Although the device has some LEDs for system status indications, they are hidden once you place the cover. I wish it had one small Air Quality LED available and visible. In Kiosk View, I wish all the URLs the users had created were saved in a list for access later.


The Sensedge Mini is a great and accessible choice for those that wish to get or not air quality certification by RESET, LEED, WELL, and others. The removable sensor modules reduce maintenance costs and ensure accuracy, something really important when you want to offer comfort and health to the building’s occupants. Nowadays, and due to the pandemic of COVID-19, it is important to keep ventilation rates optimal in indoor environments by checking CO2 concentrations, the Sensedge Mini can solve this problem.

Watch Virtual Demo Video (2 min) here


7 thoughts on “Review: Kaiterra Sensedge Mini for Business and Green Buildings

  1. Thank you Sotirios for your new review.

    Two questions about the Kaiterra Sensedge:

    1. The sensor modules can be swapped. Are there modules also for O3 and NO2? I ask this because air pollution is not only made up by PM and VOCs, but also by dangerous gases such as NOx and O3. If you use a HVAC system that has a filter for PM but not for gases in your green home, how can you be sure that your HVAC system is not bringing dangerous amounts of NO2 and O3 into the house? Your PM is low, you feel safe, but you don’t know whether O3 and/or NO2 are good or not. How can you get a Green certification in this case? That doesn’t look smart.

    2. After how long do you need to recalibrate the modules? And, recalibration means throwing away the old modules and buying new ones? Isn’t that too costly?

    Thanks again!


    Liked by 1 person

    • Hello and thank you for your comment.
      The modules are swappable but at the moment there are not NO2 or O3 modules available. Hopefully in the future.

      Green building certification programs don’t cover NO2 or O3 but they focus on common indoor pollutants and temperature/humidity. Maybe in the future they will evolve as well. In the past they used to focus only on energy consumption so there is some progress.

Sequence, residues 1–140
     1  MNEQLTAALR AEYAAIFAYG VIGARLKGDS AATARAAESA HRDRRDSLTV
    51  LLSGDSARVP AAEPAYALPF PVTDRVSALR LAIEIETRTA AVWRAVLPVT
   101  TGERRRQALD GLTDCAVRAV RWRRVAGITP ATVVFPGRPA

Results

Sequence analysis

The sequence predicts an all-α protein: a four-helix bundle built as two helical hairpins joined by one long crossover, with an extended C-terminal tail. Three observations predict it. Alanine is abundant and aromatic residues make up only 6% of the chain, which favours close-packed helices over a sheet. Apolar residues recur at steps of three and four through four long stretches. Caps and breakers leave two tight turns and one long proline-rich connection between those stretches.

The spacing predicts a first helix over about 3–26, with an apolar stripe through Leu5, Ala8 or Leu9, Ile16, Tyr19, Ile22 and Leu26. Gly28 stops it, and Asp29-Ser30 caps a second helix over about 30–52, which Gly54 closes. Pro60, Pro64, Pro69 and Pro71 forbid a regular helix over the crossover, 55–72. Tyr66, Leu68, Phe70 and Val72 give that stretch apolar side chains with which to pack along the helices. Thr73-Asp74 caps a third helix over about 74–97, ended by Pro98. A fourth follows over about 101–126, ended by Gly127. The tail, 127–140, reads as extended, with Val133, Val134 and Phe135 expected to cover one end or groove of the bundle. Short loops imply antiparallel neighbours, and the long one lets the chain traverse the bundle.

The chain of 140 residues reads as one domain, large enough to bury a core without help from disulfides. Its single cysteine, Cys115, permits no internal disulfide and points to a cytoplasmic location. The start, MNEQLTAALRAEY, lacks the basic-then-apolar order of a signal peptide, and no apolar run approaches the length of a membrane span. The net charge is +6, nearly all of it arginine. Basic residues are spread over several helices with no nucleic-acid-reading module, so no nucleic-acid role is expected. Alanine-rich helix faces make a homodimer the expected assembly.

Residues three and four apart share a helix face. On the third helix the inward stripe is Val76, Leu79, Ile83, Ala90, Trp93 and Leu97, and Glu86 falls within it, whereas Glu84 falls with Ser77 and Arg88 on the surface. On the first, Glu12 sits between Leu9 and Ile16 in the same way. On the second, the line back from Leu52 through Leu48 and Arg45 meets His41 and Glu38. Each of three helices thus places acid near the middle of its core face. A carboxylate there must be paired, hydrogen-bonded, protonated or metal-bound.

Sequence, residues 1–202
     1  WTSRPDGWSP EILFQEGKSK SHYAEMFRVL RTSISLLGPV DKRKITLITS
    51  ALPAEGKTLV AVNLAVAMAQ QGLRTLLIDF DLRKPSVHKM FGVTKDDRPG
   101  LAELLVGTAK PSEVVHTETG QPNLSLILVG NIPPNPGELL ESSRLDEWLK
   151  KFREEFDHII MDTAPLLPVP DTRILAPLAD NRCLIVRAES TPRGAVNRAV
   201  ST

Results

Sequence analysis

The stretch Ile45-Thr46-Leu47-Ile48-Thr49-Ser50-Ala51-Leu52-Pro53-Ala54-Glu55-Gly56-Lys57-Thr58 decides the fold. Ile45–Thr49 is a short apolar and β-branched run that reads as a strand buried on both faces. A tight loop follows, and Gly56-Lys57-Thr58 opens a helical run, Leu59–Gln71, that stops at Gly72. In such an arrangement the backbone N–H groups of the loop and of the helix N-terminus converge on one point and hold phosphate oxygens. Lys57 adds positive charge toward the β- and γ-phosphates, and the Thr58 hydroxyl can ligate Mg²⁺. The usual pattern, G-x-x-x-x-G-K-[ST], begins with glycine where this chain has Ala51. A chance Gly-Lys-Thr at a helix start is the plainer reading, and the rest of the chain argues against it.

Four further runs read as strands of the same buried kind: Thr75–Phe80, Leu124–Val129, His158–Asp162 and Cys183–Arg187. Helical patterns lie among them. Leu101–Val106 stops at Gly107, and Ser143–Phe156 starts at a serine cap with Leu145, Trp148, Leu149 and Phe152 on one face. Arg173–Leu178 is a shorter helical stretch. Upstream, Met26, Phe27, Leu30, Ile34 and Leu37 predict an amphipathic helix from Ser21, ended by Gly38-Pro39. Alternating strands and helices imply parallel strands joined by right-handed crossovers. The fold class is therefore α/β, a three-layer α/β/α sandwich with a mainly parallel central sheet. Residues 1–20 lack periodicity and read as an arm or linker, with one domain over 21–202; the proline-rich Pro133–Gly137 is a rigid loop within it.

During the recalibration process they will send you new modules and you will send back the old ones. They are not going to throw them away. The life span of the module depends on the location and the concentrations of the pollutants. Approximately, 2 years for an indoor PM sensor.

      Liked by 1 person

  2. Hi Sotirios – I’m getting very interested in the IAQ space. Can you share any info about the lifecycle cost of replacing sensors every year? Are the cartridges 25% of the total cost, 50%? Intrigued by the long-term economics of such devices, and wondering if many applications will ever actually replace the sensors as needed.

    Liked by 1 person

    • Hi Patrick, thank you for your interest.
      This device is meant for professionals and B2B cases as a result prices are not available to the public and you have to contact the company in order to discuss quantities.

      In most cases particulate matter sensors can last up to 2-5 years indoors, it depended on the pollution they are exposed to.

      Some other sensors like CO2 can last up to 15 years.

      In the case of the Kaiterra SenseEdge mini you don’t need to replace the sensors cartridge if they aren’t exposed to high concentrations or if you don’t want to have a green building certificate.
      Green Buildings Certificates like WELL or RESET require constant validation of data as a result in some cases you need to replace the sensors in order to comply.


  3. Please can you share me little information about how much profit can someone make each month from installing one kaiterra sensor?


    • Hi, I am not fond of the crypto project plus prices are very volatile so a profit may vary depending on the day. I don’t think it was designed as a profitable solution rather than a way to motivate people to become aware of the air they breathe.